Too late in investing in organic growth. Acquiring new customers requires investments in digitally fueled marketing systems and processes. For banks late to the game, the costs of new-customer acquisition may be too high to achieve adequate customer lifetime value. Purchasing deposits, especially those that come with sophisticated customer-acquisition engines, could be the better option.

The price of raising deposits through an acquisition would depend on a variety of factors including the seller’s mCOF, the weighted average life of the deposits, the quality of the balance sheet, growth prospects in its geographies, lines of business with sustainable fee income, and the marketing expertise, and will, to sustain customer growth. It would also depend on current market conditions, which appear to be improving, and on how acute the acquirer’s need is for funding its projected loan growth.

The Case And Strategies For Building

Many of the arguments for building are the flip side of the “buy” coin. For example, building makes sense for those who’ve made a sufficient investment in the technology and expertise of customer growth. It also makes sense where there’s not an overconcentration of deposits in dense markets (where the back book may be most at risk) and/or enough brand presence in thin markets to make new-money and rate promotions effective.

To build deposits through customer growth, a bank needs to have:

  • The analytics to be surgical in applying strategies in dense, moderate and thin markets
  • The digital self-learning tools and acumen to effectively undertake personalized marketing
  • Enough brand presence in thin markets to raise new money without repricing the back book

For growth-minded banks with these capabilities, here are several specific strategies to consider in 2024:

Invest in non-rate levers. A small amount of non-interest expense can save big on interest expense. Curinos has found that an investment in marketing, branch-based tactics and focused customer communication can create the same deposit growth as repricing, but at much lower cost because many depositors aren’t seeking rate. Curinos data show a large difference in deposit betas between banks that successfully acquire primary checking and those that don’t.

Have the interest-expense line share the marketing burden. Many institutions tend to lump an introductory offer, whether cash or bonus rates, into the overall marketing burden rather than recognizing it (or a portion of it) as interest expense. This means relationship growth is often adversely affecting the non-interest expense line, which is increasingly under fire. At the same time, rate-based deposit growth largely hits the interest-expense line, which is typically not affected drastically by acquisition campaigns.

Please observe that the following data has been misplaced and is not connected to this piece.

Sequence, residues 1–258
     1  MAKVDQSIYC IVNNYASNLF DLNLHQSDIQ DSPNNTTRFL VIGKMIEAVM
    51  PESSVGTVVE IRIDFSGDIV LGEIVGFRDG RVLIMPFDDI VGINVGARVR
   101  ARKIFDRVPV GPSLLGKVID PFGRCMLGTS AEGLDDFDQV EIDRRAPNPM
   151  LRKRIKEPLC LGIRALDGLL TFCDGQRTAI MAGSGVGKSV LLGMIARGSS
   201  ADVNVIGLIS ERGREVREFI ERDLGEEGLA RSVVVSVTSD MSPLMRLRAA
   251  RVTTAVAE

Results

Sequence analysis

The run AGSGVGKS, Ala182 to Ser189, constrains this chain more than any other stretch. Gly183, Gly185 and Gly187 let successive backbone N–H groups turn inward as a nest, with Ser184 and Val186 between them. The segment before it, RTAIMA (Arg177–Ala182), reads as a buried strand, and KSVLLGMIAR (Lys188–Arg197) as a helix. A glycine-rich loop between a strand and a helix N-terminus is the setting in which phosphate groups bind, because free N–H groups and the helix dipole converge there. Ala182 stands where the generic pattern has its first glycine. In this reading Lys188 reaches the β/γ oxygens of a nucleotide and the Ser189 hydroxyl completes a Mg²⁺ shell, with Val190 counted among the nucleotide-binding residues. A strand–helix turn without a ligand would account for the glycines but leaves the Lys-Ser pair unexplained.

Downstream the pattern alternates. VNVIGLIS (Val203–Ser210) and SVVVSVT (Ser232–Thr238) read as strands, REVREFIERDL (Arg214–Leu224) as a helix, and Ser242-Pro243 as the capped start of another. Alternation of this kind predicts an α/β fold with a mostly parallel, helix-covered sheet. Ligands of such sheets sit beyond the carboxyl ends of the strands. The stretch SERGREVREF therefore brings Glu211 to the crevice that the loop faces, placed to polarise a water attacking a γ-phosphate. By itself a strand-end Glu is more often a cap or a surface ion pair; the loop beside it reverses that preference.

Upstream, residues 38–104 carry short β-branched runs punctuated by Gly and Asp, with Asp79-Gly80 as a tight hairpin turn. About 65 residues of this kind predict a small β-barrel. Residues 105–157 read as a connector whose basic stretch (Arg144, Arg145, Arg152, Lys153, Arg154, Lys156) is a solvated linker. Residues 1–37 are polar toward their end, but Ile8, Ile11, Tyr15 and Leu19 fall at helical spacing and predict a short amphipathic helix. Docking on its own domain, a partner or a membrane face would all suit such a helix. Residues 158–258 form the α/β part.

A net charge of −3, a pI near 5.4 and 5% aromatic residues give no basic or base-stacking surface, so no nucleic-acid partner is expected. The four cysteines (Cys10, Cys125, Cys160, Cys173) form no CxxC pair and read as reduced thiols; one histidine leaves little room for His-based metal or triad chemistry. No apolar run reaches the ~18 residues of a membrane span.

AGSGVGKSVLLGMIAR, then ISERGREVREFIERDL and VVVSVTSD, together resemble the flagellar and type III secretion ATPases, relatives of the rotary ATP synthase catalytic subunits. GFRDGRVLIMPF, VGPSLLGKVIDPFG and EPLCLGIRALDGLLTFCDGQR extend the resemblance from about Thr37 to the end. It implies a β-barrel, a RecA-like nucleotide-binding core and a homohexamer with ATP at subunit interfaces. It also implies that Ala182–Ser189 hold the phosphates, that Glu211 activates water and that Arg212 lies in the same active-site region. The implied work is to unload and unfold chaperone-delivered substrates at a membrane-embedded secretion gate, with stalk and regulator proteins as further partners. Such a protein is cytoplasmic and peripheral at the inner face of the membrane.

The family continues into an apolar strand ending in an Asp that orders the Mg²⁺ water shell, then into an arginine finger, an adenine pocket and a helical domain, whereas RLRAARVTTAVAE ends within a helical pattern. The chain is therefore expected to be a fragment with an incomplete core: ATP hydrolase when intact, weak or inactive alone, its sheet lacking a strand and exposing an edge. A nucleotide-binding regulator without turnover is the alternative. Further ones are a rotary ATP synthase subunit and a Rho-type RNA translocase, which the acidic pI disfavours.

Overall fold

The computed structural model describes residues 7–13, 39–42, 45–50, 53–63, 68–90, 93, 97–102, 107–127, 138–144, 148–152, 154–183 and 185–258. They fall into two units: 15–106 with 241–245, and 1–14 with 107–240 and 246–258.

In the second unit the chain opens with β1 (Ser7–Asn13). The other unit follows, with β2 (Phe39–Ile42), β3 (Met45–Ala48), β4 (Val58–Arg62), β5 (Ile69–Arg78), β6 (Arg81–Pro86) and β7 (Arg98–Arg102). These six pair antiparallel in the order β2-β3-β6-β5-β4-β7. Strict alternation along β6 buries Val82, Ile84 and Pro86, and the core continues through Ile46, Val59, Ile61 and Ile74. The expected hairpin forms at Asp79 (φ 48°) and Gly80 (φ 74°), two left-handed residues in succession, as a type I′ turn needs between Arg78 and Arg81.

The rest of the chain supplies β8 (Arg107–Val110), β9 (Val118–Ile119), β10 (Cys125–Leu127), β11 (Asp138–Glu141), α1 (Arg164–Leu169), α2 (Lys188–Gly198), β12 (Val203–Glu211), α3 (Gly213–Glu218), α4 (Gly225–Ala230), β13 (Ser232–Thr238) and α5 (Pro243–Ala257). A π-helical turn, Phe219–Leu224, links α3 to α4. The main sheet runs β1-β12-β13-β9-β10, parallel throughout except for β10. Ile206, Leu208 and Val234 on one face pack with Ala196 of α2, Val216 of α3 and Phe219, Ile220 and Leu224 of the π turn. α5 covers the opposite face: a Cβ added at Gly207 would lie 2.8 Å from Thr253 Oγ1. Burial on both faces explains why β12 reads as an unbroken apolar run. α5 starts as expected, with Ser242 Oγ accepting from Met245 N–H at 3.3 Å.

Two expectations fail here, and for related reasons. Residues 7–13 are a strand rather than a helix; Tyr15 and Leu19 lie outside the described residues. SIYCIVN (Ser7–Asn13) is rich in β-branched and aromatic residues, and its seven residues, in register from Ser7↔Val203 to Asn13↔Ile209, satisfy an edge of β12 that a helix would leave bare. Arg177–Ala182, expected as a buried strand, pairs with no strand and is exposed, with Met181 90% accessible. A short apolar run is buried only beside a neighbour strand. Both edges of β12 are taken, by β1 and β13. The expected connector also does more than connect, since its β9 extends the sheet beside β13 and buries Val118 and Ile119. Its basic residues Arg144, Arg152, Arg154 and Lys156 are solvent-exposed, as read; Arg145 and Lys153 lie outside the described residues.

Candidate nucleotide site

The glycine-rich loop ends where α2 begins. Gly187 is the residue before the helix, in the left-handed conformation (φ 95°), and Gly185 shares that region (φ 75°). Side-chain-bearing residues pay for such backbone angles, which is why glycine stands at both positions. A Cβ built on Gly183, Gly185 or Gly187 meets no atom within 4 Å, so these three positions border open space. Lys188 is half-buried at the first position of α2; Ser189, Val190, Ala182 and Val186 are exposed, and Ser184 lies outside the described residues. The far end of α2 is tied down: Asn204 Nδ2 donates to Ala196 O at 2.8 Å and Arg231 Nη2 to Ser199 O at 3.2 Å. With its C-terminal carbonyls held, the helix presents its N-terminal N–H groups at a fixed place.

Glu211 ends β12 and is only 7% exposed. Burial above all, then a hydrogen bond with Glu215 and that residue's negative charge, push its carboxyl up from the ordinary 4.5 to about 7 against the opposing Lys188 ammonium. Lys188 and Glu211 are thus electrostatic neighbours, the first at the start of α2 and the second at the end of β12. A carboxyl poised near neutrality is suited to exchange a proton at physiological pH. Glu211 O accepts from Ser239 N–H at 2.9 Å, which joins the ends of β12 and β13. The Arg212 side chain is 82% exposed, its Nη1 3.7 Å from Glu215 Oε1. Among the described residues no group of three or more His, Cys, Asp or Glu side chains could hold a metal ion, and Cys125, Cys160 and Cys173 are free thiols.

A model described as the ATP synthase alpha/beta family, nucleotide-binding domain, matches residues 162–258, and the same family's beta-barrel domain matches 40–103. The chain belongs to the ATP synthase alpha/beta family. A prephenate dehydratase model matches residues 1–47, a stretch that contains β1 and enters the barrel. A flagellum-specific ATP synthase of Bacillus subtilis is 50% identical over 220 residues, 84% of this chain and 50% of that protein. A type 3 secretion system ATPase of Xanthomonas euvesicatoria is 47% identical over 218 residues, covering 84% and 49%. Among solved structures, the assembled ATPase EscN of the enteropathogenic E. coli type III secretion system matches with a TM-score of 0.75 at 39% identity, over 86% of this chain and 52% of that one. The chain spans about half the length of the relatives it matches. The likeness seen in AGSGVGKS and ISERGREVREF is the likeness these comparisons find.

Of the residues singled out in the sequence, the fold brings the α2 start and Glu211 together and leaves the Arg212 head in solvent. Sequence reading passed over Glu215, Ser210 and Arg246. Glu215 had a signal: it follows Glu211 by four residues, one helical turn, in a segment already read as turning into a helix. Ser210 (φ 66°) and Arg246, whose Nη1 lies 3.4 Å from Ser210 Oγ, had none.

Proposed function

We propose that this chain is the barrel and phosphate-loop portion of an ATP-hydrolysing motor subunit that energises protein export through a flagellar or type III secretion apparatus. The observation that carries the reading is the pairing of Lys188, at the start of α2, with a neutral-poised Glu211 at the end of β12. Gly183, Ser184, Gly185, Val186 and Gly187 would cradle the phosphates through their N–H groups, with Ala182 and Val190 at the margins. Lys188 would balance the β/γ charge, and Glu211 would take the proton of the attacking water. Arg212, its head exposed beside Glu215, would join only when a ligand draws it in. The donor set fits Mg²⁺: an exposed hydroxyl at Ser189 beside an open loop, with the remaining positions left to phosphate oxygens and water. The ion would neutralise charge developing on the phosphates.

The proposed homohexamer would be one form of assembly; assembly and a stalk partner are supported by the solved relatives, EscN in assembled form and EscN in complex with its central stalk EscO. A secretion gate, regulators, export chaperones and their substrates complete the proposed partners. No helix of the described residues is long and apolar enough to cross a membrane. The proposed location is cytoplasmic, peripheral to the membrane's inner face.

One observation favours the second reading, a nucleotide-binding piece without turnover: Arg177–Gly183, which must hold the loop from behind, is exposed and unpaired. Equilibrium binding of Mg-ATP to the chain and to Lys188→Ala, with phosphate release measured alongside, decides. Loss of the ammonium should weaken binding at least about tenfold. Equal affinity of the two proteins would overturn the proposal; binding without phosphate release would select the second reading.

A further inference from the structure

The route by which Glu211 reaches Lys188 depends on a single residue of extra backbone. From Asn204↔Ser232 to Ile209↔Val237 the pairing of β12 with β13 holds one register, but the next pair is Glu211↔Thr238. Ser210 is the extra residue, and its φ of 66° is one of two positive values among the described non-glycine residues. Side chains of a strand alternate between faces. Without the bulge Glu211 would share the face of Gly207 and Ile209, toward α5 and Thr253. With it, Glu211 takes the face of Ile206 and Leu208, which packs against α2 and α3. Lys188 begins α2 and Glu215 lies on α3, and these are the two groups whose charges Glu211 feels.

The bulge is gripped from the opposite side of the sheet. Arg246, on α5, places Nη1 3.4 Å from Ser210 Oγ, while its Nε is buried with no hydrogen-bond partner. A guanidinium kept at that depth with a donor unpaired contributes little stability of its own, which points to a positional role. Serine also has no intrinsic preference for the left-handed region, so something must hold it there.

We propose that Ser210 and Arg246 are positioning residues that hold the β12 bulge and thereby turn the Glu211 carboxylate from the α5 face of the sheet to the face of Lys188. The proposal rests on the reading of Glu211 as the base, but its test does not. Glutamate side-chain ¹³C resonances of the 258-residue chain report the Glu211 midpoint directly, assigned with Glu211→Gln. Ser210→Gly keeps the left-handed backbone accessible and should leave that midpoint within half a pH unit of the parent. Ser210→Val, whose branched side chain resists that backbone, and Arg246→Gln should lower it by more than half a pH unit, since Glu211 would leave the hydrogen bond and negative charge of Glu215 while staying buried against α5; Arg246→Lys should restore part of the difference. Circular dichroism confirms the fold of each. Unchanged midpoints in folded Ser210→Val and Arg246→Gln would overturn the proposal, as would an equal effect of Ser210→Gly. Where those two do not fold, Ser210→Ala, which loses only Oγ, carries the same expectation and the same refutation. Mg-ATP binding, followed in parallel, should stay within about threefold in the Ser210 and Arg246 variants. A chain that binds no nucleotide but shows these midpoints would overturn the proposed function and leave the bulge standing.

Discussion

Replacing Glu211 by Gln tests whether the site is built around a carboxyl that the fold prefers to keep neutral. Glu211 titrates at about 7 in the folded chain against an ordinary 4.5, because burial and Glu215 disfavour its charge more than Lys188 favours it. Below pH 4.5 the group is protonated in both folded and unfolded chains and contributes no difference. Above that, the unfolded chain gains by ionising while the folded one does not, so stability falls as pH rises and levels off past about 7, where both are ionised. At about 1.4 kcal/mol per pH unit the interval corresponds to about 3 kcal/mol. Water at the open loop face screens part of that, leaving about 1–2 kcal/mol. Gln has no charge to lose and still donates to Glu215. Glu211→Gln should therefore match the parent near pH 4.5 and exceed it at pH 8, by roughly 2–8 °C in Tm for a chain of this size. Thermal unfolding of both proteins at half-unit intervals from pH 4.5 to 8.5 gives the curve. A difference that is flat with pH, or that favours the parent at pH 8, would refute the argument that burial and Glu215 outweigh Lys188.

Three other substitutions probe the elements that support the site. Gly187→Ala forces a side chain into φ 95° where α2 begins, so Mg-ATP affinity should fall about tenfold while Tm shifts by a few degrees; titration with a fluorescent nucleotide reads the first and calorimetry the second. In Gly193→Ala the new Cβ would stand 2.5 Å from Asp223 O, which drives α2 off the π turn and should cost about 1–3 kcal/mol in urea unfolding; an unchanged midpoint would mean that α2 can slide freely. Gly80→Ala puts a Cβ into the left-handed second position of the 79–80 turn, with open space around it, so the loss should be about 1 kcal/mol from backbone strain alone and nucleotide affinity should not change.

Target your marketing. The objective of a targeted promotion is to attract customers with material balances at other institutions without disturbing existing customers with large balances. Rate can be powerful in raising deposits quickly, but only if the offer is fenced off from rate-sensitive customers already on the books. This approach is in marked contrast to often-used branch signage, for example, which leads to significant exception pricing for existing customers who see that they’re not getting the best rate. And there can be a material increase in cost of funds without incremental balances because non-customers are not seeing the rate at all.

Double down on small business. So far in this rate cycle, small-business deposits have been acquired at about half the cost of consumer and commercial deposits, and they exhibit a significantly lower portfolio cost over time. A primary reason is that the majority of small businesses hold their balances in non-interest-bearing (NIB) checking accounts. And at the three-year mark, small business balances are three times greater than consumer balances. When an FI has the primary lending relationship, it gets even better: Deposit balance levels are more than twice as high as without it.

Consider brokered deposits, but with eyes wide open. Brokered deposits can raise funds quickly, but they’re relatively expensive, especially in a higher-for-longer rate environment. They provide funding value but not liquidity value as they are clearly not core funding. Brokered deposits can be a useful tool in a broader funding strategy, but can never be relied on in great quantity.

No question, raising deposits will be tough in 2024. Higher market rates and intensified competition mean new deposits are more expensive than at any time in the past 15 years and out of reach for many institutions.

For those with the wherewithal, buying them through acquisition can provide an injection relatively quickly. But doing so can come with unwanted baggage and regulatory complications. Building them, on the other hand, is a long game that requires technology, marketing expertise and patience.

With rates unlikely to go back to near zero any time soon, whatever the chosen strategy in 2024, be ready to invest more and reap less, at least for a while.